User interface controls are visible, and state can easily be determined when an item is hovered or receives keyboard focus.

How this helps people with cognitive disability, including people with Down Syndrome

It can become quickly disorienting for a sighted user if they are navigating by a screen reader or keyboard only to find that items which they are interacting are not also displayed on the screen. Some people with Down Syndrome may use screen reader technology to read them the content of a website to aid their understanding.

3.3.7 Accessible Authentication (Level A)

Criteria

For each step in an authentication process, where there are cognitive steps occurring (such as specifying a password) there is a mechanism to help users or remove the need for cognitive tests

How this helps people with cognitive disability, including people with Down Syndrome

Cognitive disabilities such as Down Syndrome can impact a person’s memory. Trying to remember a long password can be problematic. This criterion ensures that another option is available to users which does not require complex thinking. E.g., being able to prepopulate data from a password manager or simply being able to copy a password from another location.

3.3.8 Redundant Entry (Level A)

Criteria

Information entered by a user within a process is automatically populated again if required by the same process or can be selected by the user

How this helps people with cognitive disability, including people with Down Syndrome

Apart from being time consuming, asking for the same information in a process multiple times can cause confusion and increases the risk of errors for multiple re-entries. For people with cognitive disabilities this can be worsened. By allowing the information to be kept and prepopulated it reduces the overall concern for data entry issues and confusion by the user. An example where such as process is useful is for billing and shipping addresses or where a user is asked for their mobile phone number for verification purposes and later in the process again asked for their mobile phone information to ensure they can receive alerts. Users with Cognitive Impairments may find remembering a phone number difficult and may have to look this up each time it is requested.

WCAG 2.2 Criteria for Physical Disabilities

Some people with Down Syndrome may have low muscle mass and reduced fine motor controls or hand dexterity. This can impact tasks such as using a mouse or keyboard. Criteria 2.5.7 Dragging Movements and 2.5.8 Target Size Minimum, assist in alleviating difficulties faced by users by ensuring controls can be operated by single commands rather than complex selections and dragging motions. In addition, the criteria assist in increasing the area of controls, so it is easier to interact with them through a mouse or touch gesture.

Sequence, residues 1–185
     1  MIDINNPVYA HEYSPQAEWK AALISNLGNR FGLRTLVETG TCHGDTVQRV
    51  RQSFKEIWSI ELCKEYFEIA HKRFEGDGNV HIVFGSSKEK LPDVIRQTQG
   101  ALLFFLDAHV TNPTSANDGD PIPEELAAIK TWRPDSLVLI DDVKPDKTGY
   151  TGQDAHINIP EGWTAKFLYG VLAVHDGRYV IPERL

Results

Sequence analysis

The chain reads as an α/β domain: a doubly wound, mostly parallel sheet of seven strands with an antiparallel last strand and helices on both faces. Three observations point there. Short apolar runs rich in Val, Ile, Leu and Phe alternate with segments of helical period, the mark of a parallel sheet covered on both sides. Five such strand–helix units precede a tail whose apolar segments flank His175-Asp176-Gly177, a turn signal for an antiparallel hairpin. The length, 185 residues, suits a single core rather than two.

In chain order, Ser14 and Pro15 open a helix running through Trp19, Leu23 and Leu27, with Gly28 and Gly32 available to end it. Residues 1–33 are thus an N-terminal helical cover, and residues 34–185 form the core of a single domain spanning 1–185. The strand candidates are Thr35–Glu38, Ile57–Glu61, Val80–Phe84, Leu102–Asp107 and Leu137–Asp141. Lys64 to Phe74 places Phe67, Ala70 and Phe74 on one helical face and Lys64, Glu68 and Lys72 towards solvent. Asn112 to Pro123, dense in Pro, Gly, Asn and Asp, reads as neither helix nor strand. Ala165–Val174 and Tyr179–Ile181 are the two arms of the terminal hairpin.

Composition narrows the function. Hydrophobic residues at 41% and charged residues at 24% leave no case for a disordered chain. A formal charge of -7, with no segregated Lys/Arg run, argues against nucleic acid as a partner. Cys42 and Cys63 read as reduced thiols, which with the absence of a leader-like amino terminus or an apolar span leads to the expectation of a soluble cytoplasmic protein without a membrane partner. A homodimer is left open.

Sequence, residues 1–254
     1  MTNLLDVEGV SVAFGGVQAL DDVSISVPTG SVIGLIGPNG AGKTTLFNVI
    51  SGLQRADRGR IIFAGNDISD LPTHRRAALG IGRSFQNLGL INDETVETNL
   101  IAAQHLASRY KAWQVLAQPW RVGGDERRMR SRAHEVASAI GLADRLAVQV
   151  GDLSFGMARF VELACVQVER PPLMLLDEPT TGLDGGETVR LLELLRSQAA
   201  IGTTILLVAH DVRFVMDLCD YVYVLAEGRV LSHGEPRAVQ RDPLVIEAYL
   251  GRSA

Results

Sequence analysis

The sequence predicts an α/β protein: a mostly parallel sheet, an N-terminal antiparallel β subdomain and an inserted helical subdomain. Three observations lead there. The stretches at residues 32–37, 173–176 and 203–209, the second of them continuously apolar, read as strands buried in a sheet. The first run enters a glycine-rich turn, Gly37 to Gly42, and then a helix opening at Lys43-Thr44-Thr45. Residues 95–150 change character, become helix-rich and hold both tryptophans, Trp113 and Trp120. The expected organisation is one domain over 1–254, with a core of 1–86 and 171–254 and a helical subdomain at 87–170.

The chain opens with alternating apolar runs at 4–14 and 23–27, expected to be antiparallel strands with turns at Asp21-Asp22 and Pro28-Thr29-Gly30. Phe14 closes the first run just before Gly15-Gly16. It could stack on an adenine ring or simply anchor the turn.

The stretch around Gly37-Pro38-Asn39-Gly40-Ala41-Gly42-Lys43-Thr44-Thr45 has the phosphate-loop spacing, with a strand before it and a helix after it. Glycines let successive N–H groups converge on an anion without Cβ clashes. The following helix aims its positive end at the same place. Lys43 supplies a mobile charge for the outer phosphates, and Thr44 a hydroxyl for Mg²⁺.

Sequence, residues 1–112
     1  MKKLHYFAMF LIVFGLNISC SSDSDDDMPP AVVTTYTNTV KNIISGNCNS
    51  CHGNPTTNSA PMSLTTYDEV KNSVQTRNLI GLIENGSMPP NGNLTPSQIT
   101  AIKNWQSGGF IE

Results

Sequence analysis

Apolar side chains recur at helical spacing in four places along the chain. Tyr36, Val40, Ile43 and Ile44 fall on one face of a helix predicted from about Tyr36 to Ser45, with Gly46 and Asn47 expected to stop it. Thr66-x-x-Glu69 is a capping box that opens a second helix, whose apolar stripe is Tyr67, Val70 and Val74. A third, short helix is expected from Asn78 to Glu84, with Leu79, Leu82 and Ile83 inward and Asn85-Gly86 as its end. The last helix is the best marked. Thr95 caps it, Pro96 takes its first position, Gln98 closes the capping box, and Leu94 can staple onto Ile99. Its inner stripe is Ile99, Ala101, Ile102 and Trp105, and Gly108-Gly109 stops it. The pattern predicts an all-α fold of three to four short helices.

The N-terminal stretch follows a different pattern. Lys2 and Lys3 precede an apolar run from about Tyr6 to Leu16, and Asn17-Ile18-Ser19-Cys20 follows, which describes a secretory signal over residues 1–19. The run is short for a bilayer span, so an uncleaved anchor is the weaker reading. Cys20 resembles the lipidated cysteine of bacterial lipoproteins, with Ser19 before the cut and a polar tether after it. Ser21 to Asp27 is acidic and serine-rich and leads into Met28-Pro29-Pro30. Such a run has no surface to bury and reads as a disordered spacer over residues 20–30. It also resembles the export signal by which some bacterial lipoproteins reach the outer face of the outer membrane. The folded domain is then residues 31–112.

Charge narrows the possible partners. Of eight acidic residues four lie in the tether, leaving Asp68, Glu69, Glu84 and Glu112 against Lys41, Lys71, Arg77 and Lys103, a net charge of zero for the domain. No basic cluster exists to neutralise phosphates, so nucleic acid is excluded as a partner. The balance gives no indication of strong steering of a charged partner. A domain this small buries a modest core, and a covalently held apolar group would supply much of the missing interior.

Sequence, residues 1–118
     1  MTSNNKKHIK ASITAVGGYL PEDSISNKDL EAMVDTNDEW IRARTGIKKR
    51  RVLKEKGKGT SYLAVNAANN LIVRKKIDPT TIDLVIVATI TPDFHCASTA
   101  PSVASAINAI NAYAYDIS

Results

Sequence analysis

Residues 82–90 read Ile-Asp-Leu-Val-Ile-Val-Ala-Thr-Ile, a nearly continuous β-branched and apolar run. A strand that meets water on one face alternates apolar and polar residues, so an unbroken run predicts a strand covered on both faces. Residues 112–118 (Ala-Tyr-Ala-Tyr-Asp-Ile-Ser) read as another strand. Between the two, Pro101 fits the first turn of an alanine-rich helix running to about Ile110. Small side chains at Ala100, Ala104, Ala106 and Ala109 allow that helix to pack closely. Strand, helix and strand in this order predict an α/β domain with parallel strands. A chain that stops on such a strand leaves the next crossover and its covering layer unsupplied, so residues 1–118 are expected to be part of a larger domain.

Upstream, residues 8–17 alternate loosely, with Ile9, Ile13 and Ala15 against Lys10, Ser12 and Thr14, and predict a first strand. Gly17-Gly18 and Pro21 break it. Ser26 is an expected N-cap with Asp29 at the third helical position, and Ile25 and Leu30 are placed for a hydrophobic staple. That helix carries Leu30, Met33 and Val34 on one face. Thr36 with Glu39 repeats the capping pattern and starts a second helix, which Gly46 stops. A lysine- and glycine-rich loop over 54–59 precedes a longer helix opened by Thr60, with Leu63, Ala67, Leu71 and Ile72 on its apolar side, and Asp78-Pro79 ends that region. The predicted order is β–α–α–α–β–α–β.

WCAG 2.2 Criteria for Vision Disabilities

Some people with Down Syndrome experience low vision. While there are several criteria across different versions of the WCAG, version 2.2 further extends this coverage through 2.4.7 Focus Visible (Level A – Previously Level AA), 2.4.11 Focus Appearance (Minimum) (Level AA) and 2.4.11 Focus Appearance (Enhanced) (Level AAA) improve location reporting within a site. These criteria provide guides to ensure that when elements of a webpage are selected (or in focus) there is a visible indicator of the selected item which is clearly identifiable through a size requirement, change in colour or action and that this indicator is not obscured in whole or in part (depending on criteria).

The final new criteria in WCAG 2.2 allows direct content navigation strategies. Where content is page breaks or page location identifications, users can navigate to those breaks or content locations directly. For example, using an e-book reader where increased font size may result in multiple pages in the digital format equating to one page in a print format. This is covered through criteria 2.4.13 Page Break Navigation (Level A).

If you would like to know more about digital accessibility or TTC’s Lived Experience training, which starts a conversation with people with disabilities and how they interact with digital content and environments, reach out to TTC’s Global Accessibility Practice Lead: Samantha Dancey at samantha.dancey@ttcglobal.com or +61 415 050 221